Greencastle provides the first safe anchorage inside Carlingford Lough
Image: Michael Harpur


From a boating perspective, Greencastle is the first anchorage of the beautiful sailing area that is Carlingford Lough. The commercial harbour of Greenore, which lies opposite, cannot accommodate leisure craft. Hence it is an important berth for those entering or exiting the lough.

Greencastle is the gateway to Carlingford Lough
Image: Michael Harpur



What facilities are available?
There are no shops or facilities of any kind in Greencastle apart for the dedicated area for vehicles to wait to embark, toilets and waiting area for foot passengers. Kilkeel is the largest and nearest town to Greencastle and is just under 5 miles from the Carlingford Lough Terminal. Carlingford car ferry (passengers €1.50, cars €7 carlingfordferry.com) makes the 15 min crossing across Carlingford Lough to Greenore, 6km south of Carlingford. Buses serving Dundalk (Mon-Sat 7 daily; 55min) and Newry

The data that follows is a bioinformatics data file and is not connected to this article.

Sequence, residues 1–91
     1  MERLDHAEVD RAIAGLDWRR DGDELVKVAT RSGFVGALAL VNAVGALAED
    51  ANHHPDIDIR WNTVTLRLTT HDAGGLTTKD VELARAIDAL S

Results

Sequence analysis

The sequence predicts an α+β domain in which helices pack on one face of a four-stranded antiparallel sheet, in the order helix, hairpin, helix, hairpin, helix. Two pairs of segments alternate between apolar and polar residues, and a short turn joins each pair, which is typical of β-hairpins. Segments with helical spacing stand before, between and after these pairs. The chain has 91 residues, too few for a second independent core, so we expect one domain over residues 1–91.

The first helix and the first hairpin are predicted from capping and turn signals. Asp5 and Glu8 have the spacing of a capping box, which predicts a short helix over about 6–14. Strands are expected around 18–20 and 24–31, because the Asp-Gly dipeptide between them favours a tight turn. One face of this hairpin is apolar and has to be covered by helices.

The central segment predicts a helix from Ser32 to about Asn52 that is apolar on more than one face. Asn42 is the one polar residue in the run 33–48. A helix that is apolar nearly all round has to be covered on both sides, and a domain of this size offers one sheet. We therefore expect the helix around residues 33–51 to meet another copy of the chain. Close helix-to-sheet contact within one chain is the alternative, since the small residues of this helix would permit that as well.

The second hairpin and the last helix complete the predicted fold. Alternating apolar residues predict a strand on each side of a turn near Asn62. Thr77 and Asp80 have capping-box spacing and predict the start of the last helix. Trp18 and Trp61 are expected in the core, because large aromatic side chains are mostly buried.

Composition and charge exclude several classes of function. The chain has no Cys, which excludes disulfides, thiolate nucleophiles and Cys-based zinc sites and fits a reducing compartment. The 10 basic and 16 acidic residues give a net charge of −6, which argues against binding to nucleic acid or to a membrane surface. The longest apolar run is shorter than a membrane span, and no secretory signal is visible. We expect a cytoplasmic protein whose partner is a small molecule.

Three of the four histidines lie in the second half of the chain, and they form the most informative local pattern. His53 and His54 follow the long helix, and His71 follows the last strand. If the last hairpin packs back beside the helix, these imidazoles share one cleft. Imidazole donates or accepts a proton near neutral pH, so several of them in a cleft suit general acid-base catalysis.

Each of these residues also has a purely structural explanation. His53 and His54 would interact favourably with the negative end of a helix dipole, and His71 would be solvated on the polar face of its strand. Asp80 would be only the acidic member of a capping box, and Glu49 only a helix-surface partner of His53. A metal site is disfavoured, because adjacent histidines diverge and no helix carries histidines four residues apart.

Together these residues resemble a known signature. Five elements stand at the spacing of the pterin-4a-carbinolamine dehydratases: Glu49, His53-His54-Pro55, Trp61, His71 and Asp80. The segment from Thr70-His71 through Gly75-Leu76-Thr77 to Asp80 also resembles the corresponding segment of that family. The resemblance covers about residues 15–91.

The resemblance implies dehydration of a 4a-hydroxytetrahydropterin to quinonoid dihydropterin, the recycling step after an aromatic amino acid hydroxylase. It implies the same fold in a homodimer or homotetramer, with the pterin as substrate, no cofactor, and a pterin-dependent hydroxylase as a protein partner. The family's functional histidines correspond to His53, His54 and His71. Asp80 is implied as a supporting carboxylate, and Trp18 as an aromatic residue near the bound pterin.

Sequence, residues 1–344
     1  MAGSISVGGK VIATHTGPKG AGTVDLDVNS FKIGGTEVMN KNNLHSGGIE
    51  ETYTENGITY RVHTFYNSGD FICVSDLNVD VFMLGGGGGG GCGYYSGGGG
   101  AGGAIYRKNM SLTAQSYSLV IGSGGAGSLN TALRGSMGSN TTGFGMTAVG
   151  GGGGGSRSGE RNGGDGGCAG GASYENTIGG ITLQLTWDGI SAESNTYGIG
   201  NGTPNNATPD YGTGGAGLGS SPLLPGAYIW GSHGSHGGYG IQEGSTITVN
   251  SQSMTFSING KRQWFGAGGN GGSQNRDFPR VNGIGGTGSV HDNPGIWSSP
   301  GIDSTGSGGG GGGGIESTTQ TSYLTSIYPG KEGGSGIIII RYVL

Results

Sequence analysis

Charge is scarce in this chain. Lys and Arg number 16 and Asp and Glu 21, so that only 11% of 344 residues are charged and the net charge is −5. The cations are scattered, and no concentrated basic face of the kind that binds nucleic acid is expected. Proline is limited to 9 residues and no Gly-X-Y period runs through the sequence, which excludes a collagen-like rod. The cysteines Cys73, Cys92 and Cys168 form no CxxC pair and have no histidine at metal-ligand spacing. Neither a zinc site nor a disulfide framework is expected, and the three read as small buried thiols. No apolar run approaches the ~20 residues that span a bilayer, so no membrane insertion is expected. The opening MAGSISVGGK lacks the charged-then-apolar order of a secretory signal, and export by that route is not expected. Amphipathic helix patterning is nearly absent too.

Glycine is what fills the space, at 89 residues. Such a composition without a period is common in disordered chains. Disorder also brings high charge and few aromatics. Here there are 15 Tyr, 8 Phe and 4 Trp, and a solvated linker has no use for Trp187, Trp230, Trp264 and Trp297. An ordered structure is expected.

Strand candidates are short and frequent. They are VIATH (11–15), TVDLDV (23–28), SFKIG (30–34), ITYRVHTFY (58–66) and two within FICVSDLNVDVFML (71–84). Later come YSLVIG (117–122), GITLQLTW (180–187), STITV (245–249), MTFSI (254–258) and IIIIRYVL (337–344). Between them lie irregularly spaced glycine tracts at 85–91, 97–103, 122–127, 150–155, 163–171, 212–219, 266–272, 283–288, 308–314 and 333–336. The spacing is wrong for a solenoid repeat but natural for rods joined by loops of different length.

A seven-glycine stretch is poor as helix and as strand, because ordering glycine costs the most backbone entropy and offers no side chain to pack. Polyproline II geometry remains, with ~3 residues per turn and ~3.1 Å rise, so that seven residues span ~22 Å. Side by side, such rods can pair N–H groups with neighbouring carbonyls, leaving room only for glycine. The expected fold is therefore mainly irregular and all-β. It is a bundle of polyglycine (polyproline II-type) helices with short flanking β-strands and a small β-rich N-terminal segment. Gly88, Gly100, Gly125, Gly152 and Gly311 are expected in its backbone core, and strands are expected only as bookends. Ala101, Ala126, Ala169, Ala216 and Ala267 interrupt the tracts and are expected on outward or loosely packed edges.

(Mon-Sat 4 daily; 25min) stop outside the old Station House on the waterfront.

Carlingford Lough Ferry Mobile+353 (86) 415 0585

Taxi services are available in the area:
Joe’s Taxis Landline+44 (0)28 4176 3793
Premier Cabs Landline+44 (0)28 41764397


Any security concerns?
Never an issue known to have occurred at Greencastle.


With thanks to:
Thomas Cunningham - Harbour Master for Carlingford and Irish Lights Commission.













Greencastle and the Carlingford Lough Ferry


About Greencastle

Greencastle derives its name from its signature Norman fortress known by the same name. Recorded in early Latin documents as 'Viride Castrum', literally 'green castle'. It is not known why it was so-called and many such historic castles give their localities the same placename. It is believed that it might be an allusion to the verdant appearance of the surrounding countryside.


The massive square structure of Green Castle
Image: Michael Harpur